Turning back to Clause 1, it is a rather strange experience—almost an amusing one—to follow the nomenclature through the successive Bills which have preceded this one. In subsection (1) it is quite clear that the advances are being made to the Consolidated Fund of Northern Ireland. But when we look at subsection (3) we find traces of considerable variation. For example, in the 1950 Act the advance in the terms of the Act was to be made to the Exchequer of Northern Ireland, but the rubric in the margin referred to
Loans to the Government of Northern Ireland.
and that rubric has been followed by the explanatory words in brackets. Similarly, in paragraph (b), the 1970 Finance Act referred to loans to the Exchequer, but that is explanatorily described in the words within brackets as being
loans to the Consolidated Fund of Northern Ireland".
The Minister well knows that there is a real, not merely a technical, difference between Government, Exchequer and Consolidated Fund. Indeed quite a bit of the constitutional history, not to say the financial history, of Parliament is embalmed in the difference between the meaning of those separate expressions. I should be grateful if the Minister could shed a little more light than he did in his introductory remarks on these differences and the consequential variations in nomenclature.
The Minister, in opening the debate, did make one clarifying observation, when he said that the Consolidated Fund of Northern Ireland is the fund from which is met expenditure "on transferred matters." I take it that that means matters transferred under the old Stormont Constitution; but I should be glad if it could be explained whether it now means matters which would be transferred under the 1973 Act if the 1973 Act were still in operation—which, mercifully, that Heath-Robinson Act is not, and never will be again. So the Consolidated Fund of Northern Ireland has a certain historical existence. As the hon. Member for Guildford (Mr. Howell) pointed out, that historical existence is for the time being maintained administratively, and in a sense the one policy decision that the House is taking by the Bill is to maintain that existence, albeit limiting it to administration by the terms of Clause 1(1).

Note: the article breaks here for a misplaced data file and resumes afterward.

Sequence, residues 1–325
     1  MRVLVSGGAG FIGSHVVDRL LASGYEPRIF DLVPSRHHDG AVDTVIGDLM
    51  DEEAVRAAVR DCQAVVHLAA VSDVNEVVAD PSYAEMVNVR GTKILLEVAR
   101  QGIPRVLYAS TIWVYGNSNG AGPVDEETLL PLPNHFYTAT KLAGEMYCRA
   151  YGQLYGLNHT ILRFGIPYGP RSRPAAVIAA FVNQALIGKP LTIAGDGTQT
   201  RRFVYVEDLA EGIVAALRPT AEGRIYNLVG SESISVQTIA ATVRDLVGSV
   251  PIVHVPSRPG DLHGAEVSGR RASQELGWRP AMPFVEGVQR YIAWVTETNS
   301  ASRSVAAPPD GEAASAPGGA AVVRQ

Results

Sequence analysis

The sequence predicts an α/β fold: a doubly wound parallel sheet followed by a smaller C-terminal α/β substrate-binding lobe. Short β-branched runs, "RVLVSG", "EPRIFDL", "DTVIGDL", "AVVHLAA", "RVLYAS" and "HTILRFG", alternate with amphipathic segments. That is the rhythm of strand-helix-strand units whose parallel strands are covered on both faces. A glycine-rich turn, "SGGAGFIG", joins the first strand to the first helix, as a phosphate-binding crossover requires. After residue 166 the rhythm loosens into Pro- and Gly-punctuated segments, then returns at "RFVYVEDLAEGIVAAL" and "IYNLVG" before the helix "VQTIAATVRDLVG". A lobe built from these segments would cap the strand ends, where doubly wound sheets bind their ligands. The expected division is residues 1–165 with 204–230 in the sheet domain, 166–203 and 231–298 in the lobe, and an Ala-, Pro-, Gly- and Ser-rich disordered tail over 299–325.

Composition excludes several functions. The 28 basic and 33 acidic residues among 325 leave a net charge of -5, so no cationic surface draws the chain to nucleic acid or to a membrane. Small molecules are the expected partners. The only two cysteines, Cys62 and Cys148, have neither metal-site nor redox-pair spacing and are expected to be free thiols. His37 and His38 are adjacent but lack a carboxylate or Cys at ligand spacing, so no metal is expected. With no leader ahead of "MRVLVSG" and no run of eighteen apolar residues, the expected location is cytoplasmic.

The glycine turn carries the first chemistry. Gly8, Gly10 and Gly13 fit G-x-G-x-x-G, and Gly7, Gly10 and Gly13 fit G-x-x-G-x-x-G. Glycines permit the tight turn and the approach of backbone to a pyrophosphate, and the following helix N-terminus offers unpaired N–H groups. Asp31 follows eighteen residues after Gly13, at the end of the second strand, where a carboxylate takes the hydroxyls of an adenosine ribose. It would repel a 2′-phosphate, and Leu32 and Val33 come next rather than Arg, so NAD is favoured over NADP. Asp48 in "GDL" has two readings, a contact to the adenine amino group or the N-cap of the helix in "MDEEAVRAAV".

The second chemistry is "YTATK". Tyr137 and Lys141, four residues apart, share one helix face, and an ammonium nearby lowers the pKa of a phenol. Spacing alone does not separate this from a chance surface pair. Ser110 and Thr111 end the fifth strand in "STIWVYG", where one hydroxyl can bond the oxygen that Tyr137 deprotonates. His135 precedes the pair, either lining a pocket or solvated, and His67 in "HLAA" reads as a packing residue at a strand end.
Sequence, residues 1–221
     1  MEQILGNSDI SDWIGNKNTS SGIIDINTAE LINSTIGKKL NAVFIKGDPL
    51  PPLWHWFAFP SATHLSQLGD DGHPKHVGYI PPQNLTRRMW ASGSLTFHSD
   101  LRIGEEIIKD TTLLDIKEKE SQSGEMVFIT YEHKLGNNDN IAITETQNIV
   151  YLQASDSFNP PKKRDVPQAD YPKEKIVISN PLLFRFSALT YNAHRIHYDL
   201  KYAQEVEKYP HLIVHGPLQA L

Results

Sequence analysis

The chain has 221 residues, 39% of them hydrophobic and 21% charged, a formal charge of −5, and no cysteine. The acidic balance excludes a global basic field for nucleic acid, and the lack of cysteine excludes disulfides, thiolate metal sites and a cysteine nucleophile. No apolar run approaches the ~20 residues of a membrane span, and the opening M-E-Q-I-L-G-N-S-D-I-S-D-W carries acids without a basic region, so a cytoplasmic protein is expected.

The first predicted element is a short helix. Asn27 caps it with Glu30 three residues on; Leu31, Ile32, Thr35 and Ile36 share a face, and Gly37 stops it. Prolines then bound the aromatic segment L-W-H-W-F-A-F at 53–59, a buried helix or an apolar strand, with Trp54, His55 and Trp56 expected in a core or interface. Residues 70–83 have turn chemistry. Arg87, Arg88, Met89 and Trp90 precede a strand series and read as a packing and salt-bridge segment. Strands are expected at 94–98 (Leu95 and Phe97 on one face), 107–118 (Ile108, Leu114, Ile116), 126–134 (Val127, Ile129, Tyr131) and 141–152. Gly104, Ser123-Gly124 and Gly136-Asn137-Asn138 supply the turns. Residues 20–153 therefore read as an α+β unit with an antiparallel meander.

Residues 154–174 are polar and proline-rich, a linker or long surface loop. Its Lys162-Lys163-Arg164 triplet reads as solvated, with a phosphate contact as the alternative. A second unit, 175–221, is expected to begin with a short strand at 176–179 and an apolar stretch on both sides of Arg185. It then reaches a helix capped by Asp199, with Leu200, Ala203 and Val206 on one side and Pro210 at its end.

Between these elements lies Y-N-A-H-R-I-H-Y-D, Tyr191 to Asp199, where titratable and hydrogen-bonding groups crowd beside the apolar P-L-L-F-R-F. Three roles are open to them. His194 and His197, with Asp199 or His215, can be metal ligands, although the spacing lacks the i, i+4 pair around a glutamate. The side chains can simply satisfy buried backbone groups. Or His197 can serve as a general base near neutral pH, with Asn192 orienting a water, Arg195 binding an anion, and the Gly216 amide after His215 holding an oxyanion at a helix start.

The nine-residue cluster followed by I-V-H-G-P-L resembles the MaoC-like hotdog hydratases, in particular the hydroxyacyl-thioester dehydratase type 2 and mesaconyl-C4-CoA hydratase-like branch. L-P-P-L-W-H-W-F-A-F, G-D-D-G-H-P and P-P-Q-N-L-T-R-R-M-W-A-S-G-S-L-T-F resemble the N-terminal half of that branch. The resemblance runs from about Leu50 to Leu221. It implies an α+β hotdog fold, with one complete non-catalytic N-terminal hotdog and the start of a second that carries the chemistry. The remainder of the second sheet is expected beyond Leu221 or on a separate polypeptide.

I now come to the one political observation, if I may be so bold, that I wish to offer on the occasion of the Bill. If there is one financial matter on which, so far as I know, all sections of political opinion in Northern Ireland are united, it is that they are not prepared to have public finance in Northern Ireland separated from the public finance of the United Kingdom generally. Putting the matter more precisely, they are not prepared to be told that because this House and the United Kingdom decide, for instance, to advance a sum of money to Harland and Wolff, the financial consequences of that decision are specifically to be borne by other forms of expenditure in Northern Ireland.
On the contrary, we say that the industry of Northern Ireland is an integral part of the industry of the United Kingdom, as Northern Ireland itself, in the terms of the Government's first Position Paper supplied to the Constitutional Convention last year, is an integral part of the United Kingdom. We maintain that there is no more reason for a variation in expenditure on one head in Northern Ireland to have repercussions upon expenditure under the other heads in Northern Ireland than for expenditure in the North-East or in the South-West of England to have such local and specific repercussion.
We are wholly determined—whatever may be the general policy of the Government, and whether we agree with it or not—that the policy governing the industry of Northern Ireland shall be an integral part of the policy governing the industry of the United Kingdom. Putting that in financial terms, it is not merely a party determination but a general one that, so far as I am aware, all political sections in Northern Ireland are not prepared to be turned off with a block grant and told that that is what we are getting and that if this House, in its wisdom, or any other devolved administration, thinks fit to increase or emphasise expenditure on one head or another, room for that has to be found from somewhere else in Northern Ireland expenditure, as such. "Integral" means what it says, in financial and in all other respects.
Let me sum up the situation in this way: one accepts that the Consolidated Fund of Northern Ireland is a historical survival, but let it be no more than a historical survival. Let it not be the means or the symbol of a financial separation between Northern Ireland and the rest of the United Kingdom. In particular, let it not be the means of treating Northern Ireland differently from any other part of the United Kingdom by making Northern Ireland absorb increases of expenditure under one head which are required as a result of its circumstances or of the policy of Her Majesty's Government at the expense of other forms of public outgoings in Northern Ireland.